2019 was a banner year for Pinchgut Opera. We were awarded Best Rediscovered Opera at the International Opera Awards in London for our world-premiere production of Hasse's Artaserse, and I was honoured to win a 2019 Helpmann Award for Best Music Direction for the same production.
2020 continues the bold vision of this company as we present two of the finest baroque operas in conjunction with two concerts of magnificent choral repertoire.
Charpentier’s Médée of 1693 has often been described as one of the greatest of all French baroque operas. It was the composer’s only work to be presented at the esteemed Académie Royale de Musique in his lifetime and it is a magnificent testament to the composer’s genius. The tortured sorceress Medea, who is betrayed by the man she loves and then exacts a ferocious vengeance, has long inspired artists. The libretto by Corneille is still considered today to be one of the great masterpieces of French poetry. This is a very rare opportunity to see this work on the stage, in all its glory, and in fact, this will be its Australian premiere.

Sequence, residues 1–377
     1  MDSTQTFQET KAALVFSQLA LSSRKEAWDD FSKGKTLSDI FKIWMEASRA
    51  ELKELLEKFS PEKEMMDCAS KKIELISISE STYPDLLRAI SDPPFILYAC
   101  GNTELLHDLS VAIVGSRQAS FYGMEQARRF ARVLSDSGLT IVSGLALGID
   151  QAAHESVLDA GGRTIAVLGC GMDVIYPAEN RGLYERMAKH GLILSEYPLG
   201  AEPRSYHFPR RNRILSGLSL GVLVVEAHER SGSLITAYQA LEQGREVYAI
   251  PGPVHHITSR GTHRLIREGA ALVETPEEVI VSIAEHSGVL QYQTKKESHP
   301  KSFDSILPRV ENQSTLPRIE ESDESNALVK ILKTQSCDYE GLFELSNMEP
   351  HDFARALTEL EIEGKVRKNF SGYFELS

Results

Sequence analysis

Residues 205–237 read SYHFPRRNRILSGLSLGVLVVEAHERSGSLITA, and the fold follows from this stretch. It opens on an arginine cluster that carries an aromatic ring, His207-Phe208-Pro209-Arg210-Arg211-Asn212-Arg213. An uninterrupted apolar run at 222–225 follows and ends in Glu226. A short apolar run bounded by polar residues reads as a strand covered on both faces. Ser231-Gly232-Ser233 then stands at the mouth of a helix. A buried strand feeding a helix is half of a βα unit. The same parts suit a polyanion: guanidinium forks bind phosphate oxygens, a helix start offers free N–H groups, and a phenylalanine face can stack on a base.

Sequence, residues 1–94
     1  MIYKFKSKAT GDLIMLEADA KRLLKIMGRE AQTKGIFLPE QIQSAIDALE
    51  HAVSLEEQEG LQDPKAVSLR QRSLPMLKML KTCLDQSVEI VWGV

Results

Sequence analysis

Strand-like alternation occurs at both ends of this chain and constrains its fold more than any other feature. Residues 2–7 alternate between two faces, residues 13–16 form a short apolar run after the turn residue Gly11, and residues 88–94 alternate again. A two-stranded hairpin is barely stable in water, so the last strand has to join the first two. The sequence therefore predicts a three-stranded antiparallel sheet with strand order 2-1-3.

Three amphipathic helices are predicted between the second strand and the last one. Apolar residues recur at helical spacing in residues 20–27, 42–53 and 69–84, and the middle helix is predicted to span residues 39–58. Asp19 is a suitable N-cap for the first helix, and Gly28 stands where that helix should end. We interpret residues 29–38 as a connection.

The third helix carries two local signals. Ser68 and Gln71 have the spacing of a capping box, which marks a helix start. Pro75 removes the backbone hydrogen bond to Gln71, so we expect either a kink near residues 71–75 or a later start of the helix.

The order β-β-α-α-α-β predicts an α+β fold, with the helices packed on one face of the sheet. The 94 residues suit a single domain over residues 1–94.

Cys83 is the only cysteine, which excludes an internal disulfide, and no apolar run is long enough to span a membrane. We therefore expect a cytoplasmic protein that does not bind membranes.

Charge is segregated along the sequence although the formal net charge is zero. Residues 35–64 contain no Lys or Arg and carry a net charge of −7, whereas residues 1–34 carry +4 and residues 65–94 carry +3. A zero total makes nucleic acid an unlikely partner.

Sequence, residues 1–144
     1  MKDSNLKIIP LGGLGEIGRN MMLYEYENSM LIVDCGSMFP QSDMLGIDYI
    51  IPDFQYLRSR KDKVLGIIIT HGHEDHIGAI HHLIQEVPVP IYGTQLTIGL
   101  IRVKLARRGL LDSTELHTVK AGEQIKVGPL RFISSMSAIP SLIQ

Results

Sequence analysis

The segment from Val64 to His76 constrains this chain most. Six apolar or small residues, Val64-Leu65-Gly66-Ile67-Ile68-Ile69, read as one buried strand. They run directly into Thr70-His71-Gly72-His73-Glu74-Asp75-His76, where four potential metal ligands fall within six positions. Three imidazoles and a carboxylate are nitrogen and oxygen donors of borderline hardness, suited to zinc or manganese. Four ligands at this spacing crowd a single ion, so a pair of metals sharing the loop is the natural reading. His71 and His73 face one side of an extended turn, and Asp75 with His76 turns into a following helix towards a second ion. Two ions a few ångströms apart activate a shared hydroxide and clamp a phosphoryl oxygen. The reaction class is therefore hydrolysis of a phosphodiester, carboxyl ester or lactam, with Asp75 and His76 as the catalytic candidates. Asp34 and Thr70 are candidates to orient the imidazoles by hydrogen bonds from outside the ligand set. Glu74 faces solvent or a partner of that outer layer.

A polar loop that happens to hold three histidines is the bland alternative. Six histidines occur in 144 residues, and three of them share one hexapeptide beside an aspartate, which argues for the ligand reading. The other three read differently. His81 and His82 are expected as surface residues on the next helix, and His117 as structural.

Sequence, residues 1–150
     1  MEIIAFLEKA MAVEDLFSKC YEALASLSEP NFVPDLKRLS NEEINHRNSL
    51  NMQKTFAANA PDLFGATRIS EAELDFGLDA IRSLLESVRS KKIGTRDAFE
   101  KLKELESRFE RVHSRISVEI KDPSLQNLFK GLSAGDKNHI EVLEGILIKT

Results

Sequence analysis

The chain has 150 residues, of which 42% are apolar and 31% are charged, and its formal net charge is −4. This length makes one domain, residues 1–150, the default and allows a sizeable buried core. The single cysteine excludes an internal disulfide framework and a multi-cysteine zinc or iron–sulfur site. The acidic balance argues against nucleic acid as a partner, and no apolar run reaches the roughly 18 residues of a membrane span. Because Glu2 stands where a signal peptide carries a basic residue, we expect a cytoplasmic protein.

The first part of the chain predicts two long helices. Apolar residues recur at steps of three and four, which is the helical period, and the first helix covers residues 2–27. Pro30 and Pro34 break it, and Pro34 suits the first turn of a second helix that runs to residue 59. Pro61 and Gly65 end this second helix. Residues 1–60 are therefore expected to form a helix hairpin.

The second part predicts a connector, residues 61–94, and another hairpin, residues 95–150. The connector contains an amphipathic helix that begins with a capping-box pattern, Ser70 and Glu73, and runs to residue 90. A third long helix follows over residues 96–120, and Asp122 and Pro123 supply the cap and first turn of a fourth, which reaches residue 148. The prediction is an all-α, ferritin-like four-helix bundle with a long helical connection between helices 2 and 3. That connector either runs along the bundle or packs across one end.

One of the most successful operas in England was Handel’s Rinaldo (1711), which we are staging in our summer season. This has the distinction of being the very first opera in the Italian language specifically written for the London stage and it was also the work that secured Handel his enduring fame in the metropolis he chose to make his home. Receiving over fifty revivals in his lifetime, more than any of his other operas, Rinaldo is a vocal and instrumental spectacular that showcases all the glittering brilliance of opera from what many consider its golden age. This will be a Pinchgut production not to be missed.
In 2020 we also continue our extremely successful series of choral concerts. Our first is a celebration of the sublime polychoral music of Venice in the first decades of the seventeenth century, including Allegri's meditative Miserere. Pinchgut presents this profoundly moving music, created for the reverberant acoustics of San Marco in Venice, under the vaulted roof of the Great Hall of the University of Sydney with some of the greatest vocal and instrumental specialists in this repertoire.
Then in City Recital Hall we present two of the great Birthday Odes for Queen Mary by Henry Purcell – including Come, Ye Sons of Art, one of the composer's most buoyant and joyous works – together with the famous Te Deum of his French colleague Marc-Antoine Charpentier. With a crack ensemble of vocalists and the stunning Orchestra of the Antipodes, this concert will be a highlight of our year. I look forward to your company in 2020 for this unforgettable festival of English, French and Italian music.